35. Singing from the same songsheet – Being able to mindlessly reiterate all corporate buzzwords and bs, as if you had thought of it yourself.

36. Ten-thousand foot view – The big picture, i.e., having a lot of grand ideas with no clue as to how to get any of them to work.

37. Touch base – Sending a CYA email to someone to let them know that you haven’t yet done anything, and, in fact, have no intention of doing anything, about a problem to which there is no solution.

38. Transitioning – (See outsourcing, above.) The opposite of a promotion, a lateral move, which is on a gradual, slight decline, usually resulting in the elimination of bonuses or salary increases. As in, “I’m transitioning from Corporate to the Mayville branch.”

39. Win-win – Management wins, customers and employees lose.

40. Wish-list – A well-organized spreadsheet of nice-to-have items, usually prepared by clients, that would increase productivity and improve accuracy, and which they have a snowball’s chance in hell of ever getting.

It is important to note, that “buzzword” is in itself a buzzword, making it iterative and circular. And totally confusing.

Please comment with your favorite buzzword!

The Oxford English Dictionary – New Words

This week, at least two new Texting 2.0 words have been added to the Oxford English Dictionary. OMG and LOL for sure, and I’ve also heard FYI and ROFL have been added, but these may be merely nasty rumors.

“FYI” is a corporate abbreviated expression, widely used among sayers of office-speak who inhabit fabric-lined cubicles, in emails and other corporate communication software, to indicate that, really, I don’t care if you know this or not, but am passing it on, just so someone else knows it and I am not the only one who will be responsible for knowing it while not doing anything about it. I am not entirely sure if this term has actually been added to the dictionary, but have read tweets to that effect.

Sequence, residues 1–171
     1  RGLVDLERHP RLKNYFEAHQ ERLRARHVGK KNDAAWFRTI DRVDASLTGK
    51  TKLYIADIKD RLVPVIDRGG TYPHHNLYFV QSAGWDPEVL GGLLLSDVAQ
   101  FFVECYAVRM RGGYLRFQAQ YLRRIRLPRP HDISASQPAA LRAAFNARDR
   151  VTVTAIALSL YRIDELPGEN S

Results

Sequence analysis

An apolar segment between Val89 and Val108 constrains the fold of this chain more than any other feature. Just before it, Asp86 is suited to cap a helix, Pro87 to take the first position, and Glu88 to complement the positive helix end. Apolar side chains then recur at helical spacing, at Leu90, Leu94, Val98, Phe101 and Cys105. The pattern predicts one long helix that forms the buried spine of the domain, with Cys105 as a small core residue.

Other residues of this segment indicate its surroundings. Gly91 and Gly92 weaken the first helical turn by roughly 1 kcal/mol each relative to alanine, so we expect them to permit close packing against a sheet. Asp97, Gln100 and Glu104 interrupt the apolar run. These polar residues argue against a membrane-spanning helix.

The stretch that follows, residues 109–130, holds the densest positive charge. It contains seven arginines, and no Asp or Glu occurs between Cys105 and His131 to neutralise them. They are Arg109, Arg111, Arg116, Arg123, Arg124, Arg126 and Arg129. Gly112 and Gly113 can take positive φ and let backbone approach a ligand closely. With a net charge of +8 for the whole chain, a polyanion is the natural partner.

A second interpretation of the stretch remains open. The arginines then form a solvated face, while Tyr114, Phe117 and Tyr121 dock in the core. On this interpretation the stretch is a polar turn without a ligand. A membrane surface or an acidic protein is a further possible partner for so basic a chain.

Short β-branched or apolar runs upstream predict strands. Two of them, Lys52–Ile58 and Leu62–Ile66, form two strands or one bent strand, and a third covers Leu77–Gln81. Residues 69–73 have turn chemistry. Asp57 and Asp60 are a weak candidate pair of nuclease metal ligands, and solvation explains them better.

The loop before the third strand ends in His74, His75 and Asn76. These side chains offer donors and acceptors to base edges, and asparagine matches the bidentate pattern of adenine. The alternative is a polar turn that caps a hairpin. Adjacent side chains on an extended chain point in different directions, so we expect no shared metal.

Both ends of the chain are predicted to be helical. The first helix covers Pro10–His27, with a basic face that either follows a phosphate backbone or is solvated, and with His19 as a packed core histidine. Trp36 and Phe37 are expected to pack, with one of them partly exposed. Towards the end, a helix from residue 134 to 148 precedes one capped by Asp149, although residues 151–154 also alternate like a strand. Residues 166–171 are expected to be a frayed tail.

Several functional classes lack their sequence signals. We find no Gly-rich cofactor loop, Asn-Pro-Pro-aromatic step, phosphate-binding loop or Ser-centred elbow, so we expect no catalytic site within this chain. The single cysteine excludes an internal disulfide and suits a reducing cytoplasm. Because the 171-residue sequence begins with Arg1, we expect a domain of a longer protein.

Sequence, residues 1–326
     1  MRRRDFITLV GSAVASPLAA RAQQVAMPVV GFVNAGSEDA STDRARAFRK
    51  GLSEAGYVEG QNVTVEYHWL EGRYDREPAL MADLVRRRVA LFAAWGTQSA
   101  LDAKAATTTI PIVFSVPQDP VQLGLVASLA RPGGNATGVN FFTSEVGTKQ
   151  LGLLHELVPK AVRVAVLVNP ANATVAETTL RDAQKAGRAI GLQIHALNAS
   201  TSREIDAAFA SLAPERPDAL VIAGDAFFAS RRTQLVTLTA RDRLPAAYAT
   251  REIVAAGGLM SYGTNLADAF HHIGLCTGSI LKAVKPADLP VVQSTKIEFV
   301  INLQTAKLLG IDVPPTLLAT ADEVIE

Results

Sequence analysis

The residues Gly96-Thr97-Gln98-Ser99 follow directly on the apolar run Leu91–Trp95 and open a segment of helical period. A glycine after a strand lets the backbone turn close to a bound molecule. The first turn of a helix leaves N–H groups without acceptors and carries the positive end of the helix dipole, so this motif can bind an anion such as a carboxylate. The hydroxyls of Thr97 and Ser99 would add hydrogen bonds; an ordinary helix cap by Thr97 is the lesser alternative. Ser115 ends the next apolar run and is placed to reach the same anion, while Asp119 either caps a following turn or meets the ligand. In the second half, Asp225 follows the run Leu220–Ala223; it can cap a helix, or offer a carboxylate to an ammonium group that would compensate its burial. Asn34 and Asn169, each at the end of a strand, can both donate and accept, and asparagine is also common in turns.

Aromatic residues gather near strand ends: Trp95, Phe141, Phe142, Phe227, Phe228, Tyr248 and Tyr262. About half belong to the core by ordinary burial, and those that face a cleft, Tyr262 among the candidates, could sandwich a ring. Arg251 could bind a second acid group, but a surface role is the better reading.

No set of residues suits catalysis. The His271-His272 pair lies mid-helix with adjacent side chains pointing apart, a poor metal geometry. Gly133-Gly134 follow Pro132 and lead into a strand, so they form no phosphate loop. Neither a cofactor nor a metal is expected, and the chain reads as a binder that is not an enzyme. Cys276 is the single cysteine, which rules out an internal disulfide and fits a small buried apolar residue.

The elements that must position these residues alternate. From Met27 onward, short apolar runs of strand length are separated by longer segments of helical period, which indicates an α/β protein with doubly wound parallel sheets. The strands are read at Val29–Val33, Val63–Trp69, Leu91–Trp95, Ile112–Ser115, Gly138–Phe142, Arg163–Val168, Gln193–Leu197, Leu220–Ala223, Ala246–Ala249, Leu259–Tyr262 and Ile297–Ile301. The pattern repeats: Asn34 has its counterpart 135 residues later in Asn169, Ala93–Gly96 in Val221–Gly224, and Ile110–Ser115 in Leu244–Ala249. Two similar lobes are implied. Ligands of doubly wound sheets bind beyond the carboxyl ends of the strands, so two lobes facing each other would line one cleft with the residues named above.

I follow Roger Ebert, who is wise and witty and a wonderful writer, and he said ROFL has also been added, but does anyone really use that term anymore? Isn’t that the equivalent of saying “Aw, shucks”? ROFL was definitely a 90’s term. I can’t imagine that it would have been added, no self-respecting texter would use ROFL any longer. I think we have to take that one with a grain or two.

When I see OMG, I have visions of “tweens” as they expound on any number of events, which could be (a) exciting, (b) surprising, (c) horrifying, or (d) just really dumb. I confess to using it a couple of times, but it’s actually, pretty stupid. People who don’t swear have trouble with this one, and they always have to make sure you know that they would never say what OMG stands for, so they amend it to be OMGosh, which is, well, maybe it would have been a little better not to have gone there.

Which brings me to LOL. I don’t say this, I will never say this. (I am saying it here of course, but only as a means to dis it.) It is overused and meaningless. I don’t know why, but it makes me a little nuts when I see it.

In recent years, I joined a writers’ group. As a member of this group, I was invited to join the email chain, which I thought would be filled with wonderful, thought-provoking exchanges, good ideas, and feedback, and tidbits of writerly interest. But what I found was that the email chain became more personal than helpful, and people would send an email to the chain-members asking for prayers for the family dog, who was having surgery, or the neighbor, whose mother had been taken to the hospital for observation, or the husband, who had gastric distress. Yes, alas, the email chain lost it’s reason for being, became a repository for idle gossip, and whenever someone shared a funny story, inevitably, at least one recipient would reply with the lone “LOL”.